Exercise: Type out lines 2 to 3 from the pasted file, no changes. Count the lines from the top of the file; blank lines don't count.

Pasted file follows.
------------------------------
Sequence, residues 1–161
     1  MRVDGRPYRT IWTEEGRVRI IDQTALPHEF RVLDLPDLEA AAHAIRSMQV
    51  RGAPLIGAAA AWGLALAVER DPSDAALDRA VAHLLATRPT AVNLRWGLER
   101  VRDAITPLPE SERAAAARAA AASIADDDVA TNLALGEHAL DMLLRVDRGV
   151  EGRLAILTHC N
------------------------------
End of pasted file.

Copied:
     1  MRVDGRPYRT IWTEEGRVRI IDQTALPHEF RVLDLPDLEA AAHAIRSMQV
    51  RGAPLIGAAA AWGLALAVER DPSDAALDRA VAHLLATRPT AVNLRWGLER